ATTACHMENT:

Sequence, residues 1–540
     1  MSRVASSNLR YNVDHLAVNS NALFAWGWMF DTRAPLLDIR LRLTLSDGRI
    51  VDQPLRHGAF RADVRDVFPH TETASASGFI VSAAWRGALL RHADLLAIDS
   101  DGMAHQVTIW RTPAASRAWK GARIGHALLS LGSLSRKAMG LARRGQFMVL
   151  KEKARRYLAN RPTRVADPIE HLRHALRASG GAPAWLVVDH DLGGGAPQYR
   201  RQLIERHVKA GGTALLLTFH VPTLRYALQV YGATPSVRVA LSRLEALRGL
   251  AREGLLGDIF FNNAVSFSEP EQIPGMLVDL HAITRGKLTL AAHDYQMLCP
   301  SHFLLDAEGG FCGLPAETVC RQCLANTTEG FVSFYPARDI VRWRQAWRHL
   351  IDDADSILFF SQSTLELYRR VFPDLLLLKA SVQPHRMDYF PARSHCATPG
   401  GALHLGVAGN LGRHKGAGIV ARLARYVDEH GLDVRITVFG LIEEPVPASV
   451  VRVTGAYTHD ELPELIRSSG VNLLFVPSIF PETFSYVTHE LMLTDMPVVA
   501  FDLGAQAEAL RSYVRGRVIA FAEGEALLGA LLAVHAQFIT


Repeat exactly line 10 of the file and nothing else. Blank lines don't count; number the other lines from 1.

   401  GALHLGVAGN LGRHKGAGIV ARLARYVDEH GLDVRITVFG LIEEPVPASV